Buongiorno, bonjour and “g’day”! (don't you like how they're all the same thing? ~ who knew Australian vernacular was so cosmopolitan???).

Also, "a good day to you, sir/maam" for our American pals, "Ni Hao" to China, and "Здравствуй" to our Russian comrades, "etcetera etcetera and so forth"... (for Yul Brynner).

It’s your old pal Kit (Christof) Fennessy here. I've been writing this blog with your help for ten years, and there's over a hundred and fifty recipes, restaurant reviews of Australia and around the world, and general gourmet articles in these pages for you to fritter away your idle hours on.

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Now, what's on the bill of fare today?

Wednesday, June 13, 2012

The Everleigh

150-156 Gertrude St, Level 1
Fitzroy VIC 3065
+61 3 9416 2229

Alright, alright, I know what you're thinking. "This guy's only going out to places that are a hop, skip and a step from where he works." Possibly, but I actually have been supposed to be writing reviews on the Carlton Wine Room, an upcoming Italian food festival at the Exhibition Buildings called la Dolce Italia, NOT TO MENTION our new relationship with Les Toques Blanches, the Executive Chefs Society of Victoria who we recently did a website for in exchange for food (well, we are working in a "patchwork economy", as our Julia says).

But somehow my heart just hasn't been in it. I haven't been inspired to put quill to parchment, let alone RSI afflicted finger stumps to keyboard.

But last night something changed all that. I went to try the new cocktail bar up the road, admittedly with a pretty big chip on my shoulder. "The best bar in Melbourne, as judged by the Age Good Bar Guide? Bah! Fifth best bar in the world, as per the some English newspaper? Humbug! I bet it's full of ostentatious wankers with beards, buns and fixy bicycles."

Well, the generation gap may be there, but I am going to have to stop being so flippin' ageist, because it really is fantastic. Now read on...
The Everleigh is an extension of a bar concept developed in Manhattan called Milk and Honey. The owner of that has helped finance this one, and two of his old bartenders have come out here as co-investors to make a go of it. Michael from Newcastle, and someone else I guess (all of this was imparted to me by a braces wearing maitre d' named Alistair who is from Yorkshire and has THE best people skills in a bartender I have ever seen).

The bar itself is upstairs at the old Dante's, but it is a place transformed. The old function space has been converted into a white walled gallery, but the bar? Gosh.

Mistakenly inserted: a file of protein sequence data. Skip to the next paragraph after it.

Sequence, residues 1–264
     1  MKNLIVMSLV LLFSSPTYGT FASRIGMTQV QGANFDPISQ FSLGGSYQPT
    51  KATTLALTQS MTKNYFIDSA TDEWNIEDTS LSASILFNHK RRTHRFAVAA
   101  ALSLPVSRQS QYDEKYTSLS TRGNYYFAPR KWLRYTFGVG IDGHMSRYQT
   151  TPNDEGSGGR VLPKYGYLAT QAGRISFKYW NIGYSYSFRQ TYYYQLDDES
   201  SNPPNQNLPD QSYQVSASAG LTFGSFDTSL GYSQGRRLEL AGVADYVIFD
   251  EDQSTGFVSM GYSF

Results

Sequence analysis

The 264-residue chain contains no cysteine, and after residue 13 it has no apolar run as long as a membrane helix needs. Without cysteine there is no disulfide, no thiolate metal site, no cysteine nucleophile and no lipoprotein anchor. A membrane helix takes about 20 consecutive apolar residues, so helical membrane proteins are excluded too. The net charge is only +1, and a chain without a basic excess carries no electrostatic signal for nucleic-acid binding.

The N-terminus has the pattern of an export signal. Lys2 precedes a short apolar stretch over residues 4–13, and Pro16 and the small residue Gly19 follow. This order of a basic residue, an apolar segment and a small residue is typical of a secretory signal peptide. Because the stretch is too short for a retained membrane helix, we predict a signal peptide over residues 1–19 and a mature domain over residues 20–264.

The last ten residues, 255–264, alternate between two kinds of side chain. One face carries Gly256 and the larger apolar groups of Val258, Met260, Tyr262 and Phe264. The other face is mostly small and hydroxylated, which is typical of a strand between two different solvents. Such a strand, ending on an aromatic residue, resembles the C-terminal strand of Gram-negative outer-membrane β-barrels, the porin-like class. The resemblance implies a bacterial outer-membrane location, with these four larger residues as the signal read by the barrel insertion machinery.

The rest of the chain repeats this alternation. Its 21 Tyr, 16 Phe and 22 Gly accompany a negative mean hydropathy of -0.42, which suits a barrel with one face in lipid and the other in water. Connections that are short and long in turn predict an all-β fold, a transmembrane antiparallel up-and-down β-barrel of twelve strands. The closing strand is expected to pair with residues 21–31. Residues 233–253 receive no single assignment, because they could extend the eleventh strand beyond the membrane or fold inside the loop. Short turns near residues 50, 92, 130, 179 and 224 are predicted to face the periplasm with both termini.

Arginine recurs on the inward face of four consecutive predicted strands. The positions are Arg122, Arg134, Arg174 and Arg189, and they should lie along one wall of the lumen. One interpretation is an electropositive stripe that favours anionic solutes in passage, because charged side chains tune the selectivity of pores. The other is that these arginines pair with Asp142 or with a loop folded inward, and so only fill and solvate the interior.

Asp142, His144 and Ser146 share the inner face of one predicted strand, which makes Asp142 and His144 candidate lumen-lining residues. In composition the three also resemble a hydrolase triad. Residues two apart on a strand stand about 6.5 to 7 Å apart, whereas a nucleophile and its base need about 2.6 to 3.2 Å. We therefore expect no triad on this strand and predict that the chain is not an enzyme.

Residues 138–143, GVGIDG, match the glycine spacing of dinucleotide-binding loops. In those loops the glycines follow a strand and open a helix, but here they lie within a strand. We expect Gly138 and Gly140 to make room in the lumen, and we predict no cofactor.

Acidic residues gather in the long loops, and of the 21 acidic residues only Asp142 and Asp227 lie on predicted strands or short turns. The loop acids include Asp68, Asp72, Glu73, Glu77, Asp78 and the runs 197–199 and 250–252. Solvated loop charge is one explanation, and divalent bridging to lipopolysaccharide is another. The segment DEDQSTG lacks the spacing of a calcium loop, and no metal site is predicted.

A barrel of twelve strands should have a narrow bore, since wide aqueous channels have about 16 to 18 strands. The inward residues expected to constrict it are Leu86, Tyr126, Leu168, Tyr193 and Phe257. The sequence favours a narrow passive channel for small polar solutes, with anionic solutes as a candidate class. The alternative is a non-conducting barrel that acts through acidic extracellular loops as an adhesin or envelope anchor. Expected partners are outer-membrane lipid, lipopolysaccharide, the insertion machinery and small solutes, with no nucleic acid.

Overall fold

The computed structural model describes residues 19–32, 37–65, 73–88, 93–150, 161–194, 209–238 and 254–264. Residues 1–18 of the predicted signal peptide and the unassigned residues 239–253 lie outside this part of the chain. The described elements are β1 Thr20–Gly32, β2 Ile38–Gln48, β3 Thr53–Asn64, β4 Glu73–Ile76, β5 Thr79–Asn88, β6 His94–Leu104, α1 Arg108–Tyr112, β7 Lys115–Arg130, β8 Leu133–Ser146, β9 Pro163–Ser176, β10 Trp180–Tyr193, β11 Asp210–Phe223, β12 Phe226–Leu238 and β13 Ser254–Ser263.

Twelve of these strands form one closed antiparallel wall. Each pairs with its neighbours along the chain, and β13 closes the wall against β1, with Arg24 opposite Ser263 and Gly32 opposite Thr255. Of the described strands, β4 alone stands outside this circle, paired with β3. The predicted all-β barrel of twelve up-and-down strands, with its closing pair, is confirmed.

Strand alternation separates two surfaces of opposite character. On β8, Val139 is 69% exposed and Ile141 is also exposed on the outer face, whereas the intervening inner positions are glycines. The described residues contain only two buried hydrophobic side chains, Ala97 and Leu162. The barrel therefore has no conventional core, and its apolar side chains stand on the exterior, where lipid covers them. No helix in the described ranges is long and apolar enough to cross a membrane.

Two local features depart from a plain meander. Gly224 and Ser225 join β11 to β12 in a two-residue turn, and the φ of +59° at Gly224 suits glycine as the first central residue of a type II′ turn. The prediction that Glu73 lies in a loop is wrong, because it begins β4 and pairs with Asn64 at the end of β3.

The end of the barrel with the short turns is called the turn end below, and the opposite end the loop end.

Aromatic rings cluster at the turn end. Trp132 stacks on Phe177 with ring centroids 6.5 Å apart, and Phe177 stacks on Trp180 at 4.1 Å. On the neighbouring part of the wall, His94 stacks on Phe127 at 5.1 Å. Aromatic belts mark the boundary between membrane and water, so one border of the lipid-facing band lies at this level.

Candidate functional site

Styled on a Depression era speakeasy - an American concept of what France might be like – it boasts chandeliers, a beautiful beaten metal bar, leather booths, timber floors and a rabbit with antlers. Thirties jazz played constantly and groovily over the dark interior, as I looked at the various old fans, bar mounted juice squeezers and other olde worlde paraphenalia. They have a huge glass fronted bookcase filled with olden day cocktail recipes books, and behind the bar on either side of a gold framed mirror glass bottles abound. On one side there are three shelves of American whiskies: scotch, sour mash and bourbon.

All cocktails are the same price: $19. This makes choosing easy, and when you pay for your one drink, it's feels painless and yet magnanimous to say "keep the change".

There's not many cocktails per se on the menu, but the staff read you like the "share and enjoy" machine from Sirius Cybernetics, and make you what you really need: which is almost, but not exactly, the exact opposite of tea.

'So, what kind of cocktails do you like?'
'Well I am an alcoholic... '
'That's a good thing.' A raised eyebrow while waiting...
'... so pretty much anything. I like martinis.'
'How about Manhattans?'
'I don't know if I've had one of those. I like my drinks dry.'
'I think you'd better have a Manhattan, but I'll get you a Brooklyn' – which, it transpires, is a twist using dry vermouth, picon, cherry liqueur and a maraschino cherry.

They use "one block" of ice to mix their drinks and prevent aeration, and when it was delivered in a little glass, it was beatuiful, freezing cold, tasty and just what a cocktail should be: like hard drugs. In some ways it was like someone bringing you a line of coke or a syringe on a silver tray, and it packed a wallop without making you messy. Excellent. No wonder the Prohibition Movement and wowserism got a toe hold in the States with offerings like this.

Where theatrics meets hospitality, going to the Everleigh is like a trip to a theme park where spirits are king and no, you cannot buy a chicken parma (I don't even know if they have bar snacks, beer or wine, but who cares?). Do one thing well, m'dear, and the world is yours.

Not for every day, but if you're on a date and hoping to seal the deal, take them there and tip two or three drinks in them and you're home. I give it seven and a half tentacles out of eight!